Whitesburg KY
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Council addresses signs, meters


The Whitesburg City Council this week conducted the first two readings of a new ordinance that amends an older one enacted in October 1965 relating to signs and outdoor advertising. The ordinance is enacted to protect property values, create a more attractive economic and business climate, protect the physical appearance of the city, and enhance the cultural character of the community in any area of the city that is zoned as commercial. Commercial advertising of any kind will be completely and absolutely prohibited in any area of the city that is zoned as residential only, within city limits.

The ordinance amendment empowers the city to regulate signs in commercially zoned areas of the city to ensure the sign does not interfere with vehicular or pedestrian traffic, block sidewalks, or impede the view of other business signs. In order to erect a sign, the business wishing to do so must certify that all the conditions in the ordinance have been met. At that point, the city will either grant or deny permission to install the sign.

The council is taking the action so that Pikeville Medical Center can mark the location of its new facility in West Whitesburg with a sign that is as prominent as others already in place there.

The council this week also opened three bids for “radio read” water meters and created a committee to evaluate each bid for its potential effectiveness and value. Committee members are Councilman John Pellegrini, Water Maintenance Director Chris Caudill, Assistant City Clerk Donna Perkins, and City Clerk Jessica Keene. The committee will evaluate each bid and decide if the price is equal to the value and if it servea the city’s needs.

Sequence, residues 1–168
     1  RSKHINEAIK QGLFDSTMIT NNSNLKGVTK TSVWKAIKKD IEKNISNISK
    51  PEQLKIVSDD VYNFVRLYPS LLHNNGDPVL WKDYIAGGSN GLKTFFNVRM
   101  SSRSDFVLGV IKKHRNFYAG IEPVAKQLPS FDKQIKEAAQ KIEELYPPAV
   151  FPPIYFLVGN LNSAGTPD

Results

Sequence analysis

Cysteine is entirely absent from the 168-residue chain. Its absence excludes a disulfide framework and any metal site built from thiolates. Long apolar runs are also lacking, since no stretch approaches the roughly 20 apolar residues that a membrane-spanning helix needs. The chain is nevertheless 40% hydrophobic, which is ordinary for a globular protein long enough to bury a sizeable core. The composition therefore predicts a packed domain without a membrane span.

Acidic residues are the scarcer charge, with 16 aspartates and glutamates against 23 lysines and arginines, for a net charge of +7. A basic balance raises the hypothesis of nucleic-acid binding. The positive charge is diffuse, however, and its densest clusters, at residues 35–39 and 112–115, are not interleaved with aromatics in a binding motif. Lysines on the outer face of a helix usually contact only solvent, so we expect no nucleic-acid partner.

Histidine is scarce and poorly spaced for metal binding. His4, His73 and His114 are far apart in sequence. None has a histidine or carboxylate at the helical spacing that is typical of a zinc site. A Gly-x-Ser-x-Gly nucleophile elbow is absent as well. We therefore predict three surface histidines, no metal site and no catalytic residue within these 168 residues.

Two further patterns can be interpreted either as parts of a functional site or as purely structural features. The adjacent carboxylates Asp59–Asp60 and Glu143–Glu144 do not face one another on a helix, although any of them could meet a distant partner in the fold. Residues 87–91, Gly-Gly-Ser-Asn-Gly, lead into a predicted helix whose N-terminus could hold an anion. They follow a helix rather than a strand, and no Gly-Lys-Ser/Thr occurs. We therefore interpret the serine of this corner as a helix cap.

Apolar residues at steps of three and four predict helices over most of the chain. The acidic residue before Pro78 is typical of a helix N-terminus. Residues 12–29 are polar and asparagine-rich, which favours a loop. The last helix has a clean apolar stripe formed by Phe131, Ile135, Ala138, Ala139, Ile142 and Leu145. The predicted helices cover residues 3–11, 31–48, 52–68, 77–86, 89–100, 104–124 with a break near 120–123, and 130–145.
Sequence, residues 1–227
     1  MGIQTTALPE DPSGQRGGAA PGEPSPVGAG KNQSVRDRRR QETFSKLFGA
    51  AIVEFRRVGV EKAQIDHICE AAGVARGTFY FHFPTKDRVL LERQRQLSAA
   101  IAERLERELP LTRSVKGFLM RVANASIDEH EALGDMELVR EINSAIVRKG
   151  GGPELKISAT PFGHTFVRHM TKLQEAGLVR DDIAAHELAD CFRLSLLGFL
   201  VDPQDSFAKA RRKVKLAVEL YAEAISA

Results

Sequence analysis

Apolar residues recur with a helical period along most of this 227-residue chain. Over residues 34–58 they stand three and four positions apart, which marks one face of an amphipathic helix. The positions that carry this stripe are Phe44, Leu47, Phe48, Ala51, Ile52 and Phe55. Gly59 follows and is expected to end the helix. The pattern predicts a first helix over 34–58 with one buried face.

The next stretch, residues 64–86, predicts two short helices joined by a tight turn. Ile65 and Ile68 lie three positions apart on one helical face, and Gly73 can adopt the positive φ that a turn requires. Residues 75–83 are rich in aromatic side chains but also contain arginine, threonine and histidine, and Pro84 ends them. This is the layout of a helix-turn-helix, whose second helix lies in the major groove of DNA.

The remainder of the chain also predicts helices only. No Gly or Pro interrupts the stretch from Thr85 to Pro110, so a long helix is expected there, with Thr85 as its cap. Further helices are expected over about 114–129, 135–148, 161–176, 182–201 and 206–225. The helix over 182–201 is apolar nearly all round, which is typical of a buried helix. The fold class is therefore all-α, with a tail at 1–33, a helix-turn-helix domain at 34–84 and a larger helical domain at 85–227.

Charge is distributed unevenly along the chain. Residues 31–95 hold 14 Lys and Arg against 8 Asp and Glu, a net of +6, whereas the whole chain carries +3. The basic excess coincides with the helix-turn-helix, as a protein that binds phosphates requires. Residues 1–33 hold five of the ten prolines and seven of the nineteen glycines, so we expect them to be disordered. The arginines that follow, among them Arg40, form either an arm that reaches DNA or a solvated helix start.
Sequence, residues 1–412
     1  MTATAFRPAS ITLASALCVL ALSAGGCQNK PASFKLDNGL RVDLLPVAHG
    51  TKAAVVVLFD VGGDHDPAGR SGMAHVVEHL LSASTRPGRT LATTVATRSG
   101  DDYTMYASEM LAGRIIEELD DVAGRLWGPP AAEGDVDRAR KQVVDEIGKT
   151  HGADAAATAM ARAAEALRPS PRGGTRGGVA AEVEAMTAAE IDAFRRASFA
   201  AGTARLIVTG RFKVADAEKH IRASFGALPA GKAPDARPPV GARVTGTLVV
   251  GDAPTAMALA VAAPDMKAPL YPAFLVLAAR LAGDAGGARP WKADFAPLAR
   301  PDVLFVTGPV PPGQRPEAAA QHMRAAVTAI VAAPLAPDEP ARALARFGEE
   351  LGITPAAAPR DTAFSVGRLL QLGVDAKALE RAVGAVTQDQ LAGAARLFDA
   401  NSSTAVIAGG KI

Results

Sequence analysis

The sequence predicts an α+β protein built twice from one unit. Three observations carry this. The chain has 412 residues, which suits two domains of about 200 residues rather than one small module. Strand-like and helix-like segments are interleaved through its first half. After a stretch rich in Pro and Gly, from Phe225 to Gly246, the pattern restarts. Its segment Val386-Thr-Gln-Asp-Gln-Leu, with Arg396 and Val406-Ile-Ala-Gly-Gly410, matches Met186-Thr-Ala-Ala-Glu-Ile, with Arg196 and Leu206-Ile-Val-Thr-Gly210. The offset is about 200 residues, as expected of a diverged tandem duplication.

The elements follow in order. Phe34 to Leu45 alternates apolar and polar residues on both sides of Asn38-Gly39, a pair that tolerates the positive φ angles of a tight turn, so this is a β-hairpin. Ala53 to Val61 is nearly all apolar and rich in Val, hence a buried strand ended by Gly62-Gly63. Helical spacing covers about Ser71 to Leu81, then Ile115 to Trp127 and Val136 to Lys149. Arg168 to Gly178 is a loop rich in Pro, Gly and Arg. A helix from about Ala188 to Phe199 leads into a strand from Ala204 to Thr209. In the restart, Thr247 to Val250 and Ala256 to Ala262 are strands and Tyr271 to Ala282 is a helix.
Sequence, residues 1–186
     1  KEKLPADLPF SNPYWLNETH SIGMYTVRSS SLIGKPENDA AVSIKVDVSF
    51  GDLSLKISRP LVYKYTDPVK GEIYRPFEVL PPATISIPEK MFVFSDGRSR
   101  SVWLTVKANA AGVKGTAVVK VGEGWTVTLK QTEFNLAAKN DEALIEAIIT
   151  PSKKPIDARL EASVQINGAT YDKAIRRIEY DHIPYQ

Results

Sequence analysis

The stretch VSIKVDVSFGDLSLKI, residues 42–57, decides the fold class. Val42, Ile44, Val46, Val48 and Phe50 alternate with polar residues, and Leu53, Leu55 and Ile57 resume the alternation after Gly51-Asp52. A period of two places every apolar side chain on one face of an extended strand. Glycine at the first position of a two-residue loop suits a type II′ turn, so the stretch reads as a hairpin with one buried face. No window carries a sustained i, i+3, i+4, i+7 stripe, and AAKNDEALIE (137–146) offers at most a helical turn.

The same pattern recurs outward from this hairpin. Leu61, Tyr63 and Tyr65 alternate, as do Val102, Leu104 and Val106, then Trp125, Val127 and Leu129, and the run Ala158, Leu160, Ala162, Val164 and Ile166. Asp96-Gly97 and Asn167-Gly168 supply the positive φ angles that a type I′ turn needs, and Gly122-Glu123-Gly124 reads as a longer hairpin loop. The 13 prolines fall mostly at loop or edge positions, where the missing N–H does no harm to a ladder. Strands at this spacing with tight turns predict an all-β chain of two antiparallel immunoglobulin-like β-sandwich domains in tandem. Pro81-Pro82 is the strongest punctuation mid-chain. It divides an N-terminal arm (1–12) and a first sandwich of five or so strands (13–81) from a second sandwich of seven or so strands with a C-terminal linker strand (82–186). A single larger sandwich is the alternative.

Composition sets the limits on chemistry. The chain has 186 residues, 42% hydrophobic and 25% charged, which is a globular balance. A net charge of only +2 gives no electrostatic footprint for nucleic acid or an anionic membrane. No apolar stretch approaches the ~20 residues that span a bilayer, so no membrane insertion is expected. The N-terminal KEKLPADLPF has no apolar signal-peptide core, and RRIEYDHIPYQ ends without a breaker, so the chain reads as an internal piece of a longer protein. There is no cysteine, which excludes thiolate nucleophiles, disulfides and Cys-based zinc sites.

The bid packages run from $183,000 to $317,885 to replace all the city’s existing water meters with either new radio read meters or packages that will convert the existing meter to full radio read. Some of the more recently installed meters can be adapted, which will save about half the cost of a new meter.

At a meeting held last August, the council heard a presentation from C.I. Thornburg about the radio read meters. Thornburg’s Chief Sales Officer Rodney Adkins said the system will not only increase revenue for the city by providing exact data, it will also save labor by allowing city workers to attend to other matters instead of the time-consuming manual method of meter reading. Chris Caudill said the system would help the city in a number of ways.

Council members also expressed concern about the reliability of the data upon which the report was based and most agreed that they would not want to vote on a rate increase until they were certain the data for at least one billing quarter (three months) had come from the new accounting system. Although the issue of radio read meters was not tied to the rate raise or the suspect data from the old accounting system, data from the radio read meters would be more exact than meters read by hand.

In January, the council heard a report from Andy Lange, Assistant Director of the Kentucky Rural Water Association (KRW), that had been compiled by KRW that recommended raising the average household water, sewer, and sanitation rate to $50 per month. Lange told the council the city was losing money presently. However, he said he was only certain about the information that had been reported since the new accounting system, which also does billing for the utilities, was installed. Most of the report, which analyzed data for 2018, had been produced by the old system, which was an outdated accounting system the city replaced last year.

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